Oracle saw an opportunity for a new type of cost-effective flash-speed storage system that could meet the varied QoS needs of multiple enterprise data center applications – in other words, to take flash storage into the mainstream of the data center. Oracle decided they had enough storage chops (from Exadata, ZFS, Pillar, Sun, etc.) to design and build a “flash-first” enterprise system intended to take full advantage of flash as a performance tier, but also incorporate other storage tiers naturally including slower “capacity” flash, performance HDD, and capacity HDD. Tiering by itself isn’t a new thing – all the hybrid solutions do it and there are other vendor solutions that were designed for tiering – but Oracle built the FS1 Flash Storage System from the fast “flash” tier down, not by adding flash to a slower or existing HDD-based architecture working “upwards.” This required designing intelligent automated management to take advantage of flash for performance while leveraging HDD to balance out cost. This new architecture has internal communication links dedicated to flash media with separate IO paths for HDDs, unlike traditional hybrids that might rely solely on their older, standard HDD-era architectures that can internally constrain high-performance flash access.

Oracle FS1 is a highly engineered SAN storage system with key capabilities that set it apart from other all-flash storage systems, including built in QoS management that incorporates business priorities, best-practices provisioning, and a storage alignment capability that is application aware – for Oracle Database naturally, but that can also address a growing body of other key enterprise applications (such as Oracle JD Edwards, PeopleSoft, Siebel, MS Exchange/SQL Server, and SAP) – and a “service provider” capability to carve out multi-tenant virtual storage “domains” while online that are actually enforced at the hardware partitioning level for top data security isolation.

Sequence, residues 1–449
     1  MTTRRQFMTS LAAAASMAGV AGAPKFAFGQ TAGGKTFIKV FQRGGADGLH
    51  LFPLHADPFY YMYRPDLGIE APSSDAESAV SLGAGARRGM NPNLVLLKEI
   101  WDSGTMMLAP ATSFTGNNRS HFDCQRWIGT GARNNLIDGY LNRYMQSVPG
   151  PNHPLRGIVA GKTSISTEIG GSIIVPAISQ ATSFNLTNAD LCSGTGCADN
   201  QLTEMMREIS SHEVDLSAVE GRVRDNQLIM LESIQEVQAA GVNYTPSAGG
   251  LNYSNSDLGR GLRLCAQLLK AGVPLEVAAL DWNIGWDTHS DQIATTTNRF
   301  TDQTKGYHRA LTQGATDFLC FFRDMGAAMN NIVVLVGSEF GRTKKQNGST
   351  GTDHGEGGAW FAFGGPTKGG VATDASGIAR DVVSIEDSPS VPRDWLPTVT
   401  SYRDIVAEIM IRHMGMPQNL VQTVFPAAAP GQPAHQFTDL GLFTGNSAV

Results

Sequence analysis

In this report, we’ll dive in and examine some of the great new capabilities of the Oracle FS1. We’ll look at what really sets it apart from the competition in terms of its QoS, auto-tiering, co-engineering with Oracle Database and applications, delivered performance, capacity scaling and optimization, enterprise availability, and OPEX reducing features, all at a competitive price point that will challenge the rest of the increasingly flash-centric market.

Publish date: 02/02/15
news

Data-Aware Storage: Taming Data Sprawl Using Real-Time Analytics

Can we extract information from the storage array today? Yes, we can. But one has to use a myriad of tools from a variety of vendors and do a lot of heavy lifting to get some meaningful information out of storage.

  • Premiered: 03/30/15
  • Author: Jeff Kato
  • Published: Infostor
Topic(s): TBA data-aware TBA Storage TBA analytics TBA Auto-Tier TBA Auto-Tiering TBA Virtualization TBA Flash TBA SSD TBA Oracle TBA Oracle FS1 TBA Qumulo TBA Tarmin TBA DataGravity
news

Data aware storage yields insights into business info

Storage isn't just a bunch of dumb disks anymore. In fact, storage infrastructure is smarter than ever.

  • Premiered: 05/20/15
  • Author: Mike Matchett
  • Published: TechTarget: Search Data Center
Topic(s): TBA data-aware TBA Storage TBA storage infrastructure TBA Datacenter TBA convergence TBA converged TBA Flash TBA SSD TBA Performance TBA High Performance TBA Metadata TBA Hadoop TBA HDFS TBA object storage TBA Intelligent Storage TBA QoS TBA Oracle TBA Oracle FS1 TBA VMWare TBA VVOL TBA VVOLs TBA VMware VVOLs TBA RAID TBA Hypervisor TBA API TBA Tintri TBA Tarmin TBA GridBank TBA Lucene TBA Solr